“I think I knew it would take quite a great effort tonight to beat that Unity Christian team. From watching them on film, I’ve been really impressed. I mean, they do things the right way. We haven’t seen a team that runs the ball in transition like they do. Offensively, we haven’t seen a team that attacks the offensive glass like they do. And we haven’t seen a team that physically pressures the basketball, and takes you out of your offense like that basketball team did tonight.

Just kudos to that basketball team. What an absolute great game they played tonight,” Ludington coach Thad Shank said.

“I think their length and their physicality. I mean, our offense — there was stuff we felt was open when we went in at halftime, but our offense was being played so far away from the basket, and so far off the 3-point line, that we had a heck of a time taking advantage of any of those things. …

“When you’re a team that can really pressure the ball like they do, you don’t really even have to play great defense behind that ball pressure, because it causes so much havoc. Now, they’re great on the ball, and great behind the pressure on top of it. And we just had a tough, tough time handling that pressure defense.”

Unity Christian turned those turnovers into 29 points, and got 12 points on the fast break.

Noah Wiswary led Unity Christian with 17 points, while TJ VanKoevering had eight, and Chandler Collins and Zac Velthouse both had seven.

They also had 18 assists on 29 made field goals.

“We just want to win, that’s all,” Wiswary said. “We want to get a state championship, so any way we can win — and sharing the ball is the best way we can do that, so that’s what we do.”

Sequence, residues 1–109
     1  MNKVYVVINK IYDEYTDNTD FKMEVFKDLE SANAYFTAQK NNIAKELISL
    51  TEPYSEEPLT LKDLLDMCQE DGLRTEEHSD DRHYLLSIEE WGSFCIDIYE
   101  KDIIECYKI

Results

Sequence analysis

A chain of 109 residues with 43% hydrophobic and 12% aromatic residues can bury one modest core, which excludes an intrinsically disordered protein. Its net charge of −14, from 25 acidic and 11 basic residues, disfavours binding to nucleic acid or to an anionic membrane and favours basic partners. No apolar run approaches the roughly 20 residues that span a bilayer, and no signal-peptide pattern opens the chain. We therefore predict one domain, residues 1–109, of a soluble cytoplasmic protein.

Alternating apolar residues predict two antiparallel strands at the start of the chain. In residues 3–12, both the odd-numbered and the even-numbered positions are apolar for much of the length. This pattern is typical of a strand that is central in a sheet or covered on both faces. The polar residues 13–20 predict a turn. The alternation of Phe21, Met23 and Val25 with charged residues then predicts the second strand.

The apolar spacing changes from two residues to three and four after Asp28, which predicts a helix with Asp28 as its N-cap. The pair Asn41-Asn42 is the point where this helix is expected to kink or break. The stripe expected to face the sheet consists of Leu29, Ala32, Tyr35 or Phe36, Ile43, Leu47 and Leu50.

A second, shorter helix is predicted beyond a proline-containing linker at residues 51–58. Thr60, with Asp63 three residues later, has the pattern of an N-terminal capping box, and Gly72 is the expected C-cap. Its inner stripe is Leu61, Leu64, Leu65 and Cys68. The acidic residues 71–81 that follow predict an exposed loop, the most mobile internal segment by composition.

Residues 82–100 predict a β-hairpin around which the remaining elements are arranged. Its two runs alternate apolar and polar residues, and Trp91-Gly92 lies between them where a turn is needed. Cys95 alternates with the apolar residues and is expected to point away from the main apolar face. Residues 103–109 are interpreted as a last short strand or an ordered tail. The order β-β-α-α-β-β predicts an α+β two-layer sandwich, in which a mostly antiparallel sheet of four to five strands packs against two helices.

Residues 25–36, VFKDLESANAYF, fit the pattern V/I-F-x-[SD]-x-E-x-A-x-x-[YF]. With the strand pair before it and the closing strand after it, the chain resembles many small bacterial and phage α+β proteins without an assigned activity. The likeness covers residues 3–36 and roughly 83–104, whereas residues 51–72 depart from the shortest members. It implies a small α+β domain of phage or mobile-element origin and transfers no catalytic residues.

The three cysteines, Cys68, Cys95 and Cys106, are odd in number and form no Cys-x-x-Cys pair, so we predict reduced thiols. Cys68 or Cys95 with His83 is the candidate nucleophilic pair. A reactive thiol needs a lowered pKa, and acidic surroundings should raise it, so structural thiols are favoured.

Joshua Laman — who beat the buzzer with a  3 to knock off River Rouge in the 2017 semifinals at Breslin — had nine points to lead Ludington.

“It’s a dream come true,” Laman said. “I didn’t think two years ago I’d be able to come back, but this team, and coach Shank did a great job this year getting us ready, and we really came together at the end.”

The Orioles started the season 2-5, then ripped off six straight wins to go over the .500 mark, before losing four straight and five of their last six in the regular season to head to districts at 9-10.

“Going into the postseason 9-10 isn’t easy, because you’ve got a bunch of people looking at you in the first game of districts, thinking you don’t have a chance,” Sam Bandstra said. “We shocked some people when we were playing the intense defense that we were playing, really moving the ball, and really playing together as a team. We really came together at the right time.”

Shank was just as impressed with his team’s postseason resurrection.

“When things don’t go your way, like they did not go our way early in the season, there’s a lot of white noise out there, and a lot of people who know why things aren’t going well. And these kids heard all those things from people on the outside, and away from the basketball program, yet each and every day, they came into the gym, and believed what their coaching staff was telling them,” Shank said. “They just continued to fight and claw, and I couldn’t be any more proud of this group of kids because of that fact.”